Last Week, She Was Bullied

She had been invited to a show at NY Fashion Week – something she absolutely loves to do – and decided to class herself up a bit.  Abandoning her daily skinny jean uniform, she opted for a tight black dress, black tights and her favorite pair of 3″ camel booties. After the show, she walked into a karaoke bar at 3 o’clock on a Sunday afternoon.  Kids welcome.  A family atmosphere.  Perhaps a tad overdressed, she was meeting her favorite 7-year-old and she was thrilled to see her.

There were no families, but there was a posse performing a less than stellar rendition of a Lady Gaga song.  But it was Karaoke.  In Karaoke-friendly zones, there is automatic approval.  If you can’t sing, nobody cares.  We will unify and sing with you to help you get through the song.  It’s not an every-singer-for-him/herself atmosphere.  Karaoke is a symbol of unification: we’re all brave and we’re all in this together.

Like their party was interrupted, they momentarily paused their song to watch her walk across the floor.  She could sense the weird tension, but regardless, she walked up to the cashier and for a brief moment discussed private room availability.

You know that moment when you can feel someone staring at you?  That happened, and she made eye contact with one of the pack of somewhat-tone-deaf friends.  She smiled that “hi, I don’t know you, but hello” somewhat-forced smile (after living in NYC for over a decade, she’s perfected that smile) and she turned back to the cashier.

Finally squared-away, she exited the bar to wait for her favorite 7-year-old to arrive.  And then it happened:  supremely sarcastic and out of nowhere, spoken into the mic and directed at her, a booming voice:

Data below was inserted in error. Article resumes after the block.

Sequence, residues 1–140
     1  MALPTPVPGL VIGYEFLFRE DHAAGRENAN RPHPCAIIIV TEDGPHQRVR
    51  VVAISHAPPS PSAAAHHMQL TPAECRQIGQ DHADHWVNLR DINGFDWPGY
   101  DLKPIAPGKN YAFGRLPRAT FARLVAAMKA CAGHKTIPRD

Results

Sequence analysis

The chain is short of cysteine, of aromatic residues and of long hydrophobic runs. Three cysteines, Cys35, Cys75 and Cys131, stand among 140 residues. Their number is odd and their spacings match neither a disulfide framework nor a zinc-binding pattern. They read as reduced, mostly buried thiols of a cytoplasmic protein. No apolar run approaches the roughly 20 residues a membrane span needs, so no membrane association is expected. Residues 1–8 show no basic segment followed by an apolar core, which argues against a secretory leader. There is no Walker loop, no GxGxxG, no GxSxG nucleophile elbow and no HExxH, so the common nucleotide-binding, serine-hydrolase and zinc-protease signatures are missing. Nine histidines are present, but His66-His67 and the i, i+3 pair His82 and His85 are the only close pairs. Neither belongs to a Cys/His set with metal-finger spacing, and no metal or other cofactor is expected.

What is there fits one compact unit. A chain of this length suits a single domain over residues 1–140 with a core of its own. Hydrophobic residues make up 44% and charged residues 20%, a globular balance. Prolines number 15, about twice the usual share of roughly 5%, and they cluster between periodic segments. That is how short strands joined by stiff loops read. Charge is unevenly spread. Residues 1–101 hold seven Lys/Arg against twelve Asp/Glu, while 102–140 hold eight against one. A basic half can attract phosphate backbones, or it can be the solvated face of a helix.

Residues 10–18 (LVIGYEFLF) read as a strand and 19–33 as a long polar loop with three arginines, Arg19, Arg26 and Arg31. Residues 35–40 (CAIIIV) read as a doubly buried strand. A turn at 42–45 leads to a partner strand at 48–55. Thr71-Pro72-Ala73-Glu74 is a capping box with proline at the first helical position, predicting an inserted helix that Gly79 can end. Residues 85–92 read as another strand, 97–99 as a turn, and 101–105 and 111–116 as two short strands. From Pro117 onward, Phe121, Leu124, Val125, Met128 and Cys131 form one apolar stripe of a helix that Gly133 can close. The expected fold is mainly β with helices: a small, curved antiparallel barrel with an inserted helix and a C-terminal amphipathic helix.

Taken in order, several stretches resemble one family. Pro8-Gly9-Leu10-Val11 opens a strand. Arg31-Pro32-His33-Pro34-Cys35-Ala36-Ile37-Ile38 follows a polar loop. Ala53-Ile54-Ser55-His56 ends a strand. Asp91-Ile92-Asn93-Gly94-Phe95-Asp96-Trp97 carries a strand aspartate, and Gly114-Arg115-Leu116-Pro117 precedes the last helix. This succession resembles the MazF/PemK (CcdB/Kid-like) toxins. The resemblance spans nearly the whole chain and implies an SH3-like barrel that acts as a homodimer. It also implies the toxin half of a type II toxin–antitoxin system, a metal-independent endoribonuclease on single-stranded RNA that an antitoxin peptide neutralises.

“No matter how tall your pretend to be in those heels, you’ll still be fat.”

It took a moment for her to realize that the amplified voice was actually talking to her.

And then came the laughter.  Like it was all a big joke.

All in that moment, she was spun back in time to 6th, 7th, 8th grade(s) when she was teased for the way she walked, the way she weighed, the way she dressed, the way she studied, the way she socialized.  It was as if someone ripped off a thousand Band-Aids.  They were stuck to her skin like battle wounds – there, unrecognized, but a story to tell if someone had asked.  After a two decades, she’d learned to love herself no matter how she walked, how she weighed, how she dressed, how she studied, how she socialized.

It did get better.

Her adult-brain told her to march right back inside and give them a piece of her mind or deliver some snappy come-back that would leave them speechless.  That would be great.  That would be ideal.  Except she couldn’t.  Instead, her childlike-heart broke.  Her stomach sank.  Her throat knotted.  Her eyes welled.  She felt like she was going to be sick.

In a family atmosphere, the girl with the snotty remark had just broken the number one rule of karaoke bars: acceptance.

Every ounce of self-esteem that she’d earned over the last two and a half decades was gone – just like that.  She wanted to call her favorite 7-year-old and cancel, go home, dive into her pillow and cry like she did when she was a kid.  In an instant, she suddenly looked forward to eating the entire carton of non-dairy coconut ice cream in her freezer.

It took every ounce of emotional strength to not want to run away.  But she didn’t.  She couldn’t.  Her favorite 7-year-old was just stepping out of a cab running at her – full speed – for a gigantic hug.  “I missed you,” her favorite 7-year-old said.  The words made her melt and she wanted to break down that very moment and tell her everything that had just happened inside.  But she didn’t.  You see, she was meeting her favorite 7-year-old that day to help the little girl take her mind off of recently being bullied because of her short hair.  It was just days earlier that she’d told the little girl:

“It takes a pretty miserable person to make someone else miserable, but as long as you know there are people in your life who love you – no matter what – then the people who hurt you just don’t matter.  It will always be painful.  Their words will always sting and sometimes they even leave a scar, but there is always someone who will be waiting with a box of Band-Aids to help cover up your wound.”

There will always be someone who will take you to karaoke… where we’re all brave and we’re all in this together.  And there will always be someone willing to jump out of a cab and run at you full speed for the chance at a hug.

Image via myschoolsigns